Hong Kong Digital is sponsored by Poker Industries. Please see the Hong Kong Digital home page for a special offer from Poker Industries to Hong Kong Digital readers.

Issue #179a HOME E-mail: mail@dighkmovies.com BACK ISSUES September 29th, 2003

Disciples of the 36th Chamber
(1985; Shaw Brothers)

A Masterpiece
Highly Recommended
Very Good
Marginal Recommendation
Not Recommended
Definitely Not Recommended

Cantonese: Pik lik sap git
Mandarin: Pi li shi jie
English: Thunderous Ten Heroes

This little-seen third entry in the 36TH CHAMBER series finds Gordon Lau Kar-fai returning to the role of San Te and, while the film suffers slightly by comparison with its predecessors, it remains a well-crafted and entertaining effort. The impetuous Fong Sai-yuk (Hsiao Hou) is a major thorn in the side of everyone, from his teacher to his fellow students to his family. When the youth goes out of his way to insult some Manchurians (led by the film's director, Lau Kar-leung), the Ching officials order that Fong be turned over to them or all the Han people in the area will suffer the consequences. Fong's martially gifted mother (Lily Li Li-li) comes up with an alternative, sending Fong and his two brothers to Shaolin Temple, a place where the Manchus dare not make trouble. San Te (Gordon Lau) is assigned the unenviable task of training Fong, who has received martial instruction practically from birth and is almost the monk's equal. Fong tries various methods of escape and, one evening, he disrupts a Ching celebration, prompting the governor (Jason Pai Piao) to invite the lad to an upcoming martial arts tournament. Of course, this is not a rare display of Manchu benevolence but a plot to learn more about the secret Shaolin techniques.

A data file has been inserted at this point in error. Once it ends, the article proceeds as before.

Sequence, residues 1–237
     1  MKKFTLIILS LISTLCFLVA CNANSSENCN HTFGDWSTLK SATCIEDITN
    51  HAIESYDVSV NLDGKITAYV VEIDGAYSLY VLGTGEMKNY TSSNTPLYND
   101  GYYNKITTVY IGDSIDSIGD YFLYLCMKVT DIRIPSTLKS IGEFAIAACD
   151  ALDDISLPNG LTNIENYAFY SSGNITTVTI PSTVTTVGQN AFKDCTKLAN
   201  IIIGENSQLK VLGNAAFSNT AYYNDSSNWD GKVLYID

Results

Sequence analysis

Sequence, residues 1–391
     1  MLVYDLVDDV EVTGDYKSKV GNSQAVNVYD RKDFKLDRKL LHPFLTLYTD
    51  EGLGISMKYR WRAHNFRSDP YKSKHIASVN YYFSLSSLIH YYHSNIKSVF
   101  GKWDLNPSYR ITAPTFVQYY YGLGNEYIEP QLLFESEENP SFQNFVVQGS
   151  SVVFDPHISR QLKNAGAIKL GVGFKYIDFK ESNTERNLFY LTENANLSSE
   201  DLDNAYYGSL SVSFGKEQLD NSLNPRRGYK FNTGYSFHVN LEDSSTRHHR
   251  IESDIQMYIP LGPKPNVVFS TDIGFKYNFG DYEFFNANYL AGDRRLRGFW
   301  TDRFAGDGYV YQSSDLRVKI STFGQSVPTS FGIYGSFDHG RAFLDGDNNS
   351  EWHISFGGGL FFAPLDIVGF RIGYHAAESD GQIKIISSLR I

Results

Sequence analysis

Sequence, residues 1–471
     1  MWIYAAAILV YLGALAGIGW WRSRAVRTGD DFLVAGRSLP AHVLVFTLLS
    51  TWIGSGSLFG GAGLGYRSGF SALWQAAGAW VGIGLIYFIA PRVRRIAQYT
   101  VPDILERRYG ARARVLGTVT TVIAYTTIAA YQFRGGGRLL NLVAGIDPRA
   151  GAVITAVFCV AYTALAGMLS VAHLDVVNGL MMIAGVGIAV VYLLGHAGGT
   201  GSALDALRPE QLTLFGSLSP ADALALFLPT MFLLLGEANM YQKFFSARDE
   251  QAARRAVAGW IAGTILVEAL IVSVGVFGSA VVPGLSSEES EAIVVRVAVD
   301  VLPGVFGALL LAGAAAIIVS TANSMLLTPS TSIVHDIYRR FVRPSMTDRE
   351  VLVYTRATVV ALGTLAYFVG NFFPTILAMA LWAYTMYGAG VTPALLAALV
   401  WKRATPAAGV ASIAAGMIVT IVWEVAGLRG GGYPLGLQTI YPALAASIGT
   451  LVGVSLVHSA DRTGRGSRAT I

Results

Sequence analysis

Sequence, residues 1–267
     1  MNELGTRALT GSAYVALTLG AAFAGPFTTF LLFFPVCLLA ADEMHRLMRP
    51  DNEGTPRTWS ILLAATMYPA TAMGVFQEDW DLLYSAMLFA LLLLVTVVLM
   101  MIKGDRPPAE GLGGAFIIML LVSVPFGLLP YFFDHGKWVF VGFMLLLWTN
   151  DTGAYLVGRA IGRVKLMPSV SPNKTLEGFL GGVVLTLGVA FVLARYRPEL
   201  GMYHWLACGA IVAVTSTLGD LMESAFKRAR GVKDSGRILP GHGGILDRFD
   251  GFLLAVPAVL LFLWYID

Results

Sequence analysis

While most kung fu fans have admired Hsiao Hou's skills in such widely available Shaw Brothers pictures like MAD MONKEY KUNG FU, LEGENDARY WEAPONS OF CHINA, and THE EIGHT DIAGRAM POLE FIGHTER, the return of this film to circulation allows one to see him shine in a production centered solely around his character. His is one the most manic and acrobatic portrayals of Fong Sai-yuk on record, making Jet Li Lianjie, Alexander Fu Sheng, Meng Fei, and Willie Chi Tian-sheng seem almost sedate by comparison. As tends to happen with screenplays where Fong is the protagonist, the viewer is soon vexed by his naivety and bullheadedness. These are innate qualities of the character but they lead to frustrating contrivances, and the rest of the storyline here is old hat. Lau Kar-leung utilizes a bit more wirework than usual but the various fights are still invigorating and should disappoint no one. It is also an extra plus for the film to have Lily Li cast as Fong's mom. The actress brings all of the authority and humanity to her portrayal that she previously mustered for her turn as Wong Yue's equally remarkable mother in Lau's much admired EXECUTIONERS FROM SHAOLIN. Many familiar faces can be seen in support here, including Lee Hoi-sang, Chan Shen, Sun Chien, Power Lee King-chu, and Lau Siu-kwan.

Cover art courtesy Intercontinental.

Hsiao Hou (left) and Gordon Lau. Image courtesy Intercontinental.

Lily Li. Image courtesy Intercontinental.
Intercontinental #100253 (Hong Kong label)

Dolby Digital 5.1

Cantonese and Mandarin Language Tracks (both post-synced)

Optional Subtitles in English, Traditional Chinese, Malaysian, and Indonesian

12 Chapters Illustrated in the Menu With Clips

Enhanced for 16:9 Displays

Letterboxed (2.35:1)

Coded for Region 3 Only

NTSC Format

89 Minutes (at 25 frames-per-second)

Contains mild violence

DVD menu courtesy Intercontinental.

Ontario: PG
Singapore: PG

The presentation is nice and clean but, as with many Celestial transfers of late, overly soft in spots. The original audio has its limitations on the upper end and these are still apparent in the re-mix, which tries to expand the soundstage by adding background foley; the results are adequate. The usual supplements are present and accounted for: video promo spots, the poster, a photo gallery, and skimpy bios/filmographies.

DISCIPLES OF THE 36TH CHAMBER is available at Poker Industries.

Having problems printing this review with Netscape? Go to the File option in the Netscape Task Bar, click the Page Setup from the sub-menu and make sure that in the Page Options listings, the Black Text box is clicked. This should resolve the "no text" printing problem.

Click here for more information about The Hong Kong Filmography

Copyright © John Charles 2000 - 2003. All Rights Reserved.
E-mail: mail@dighkmovies.com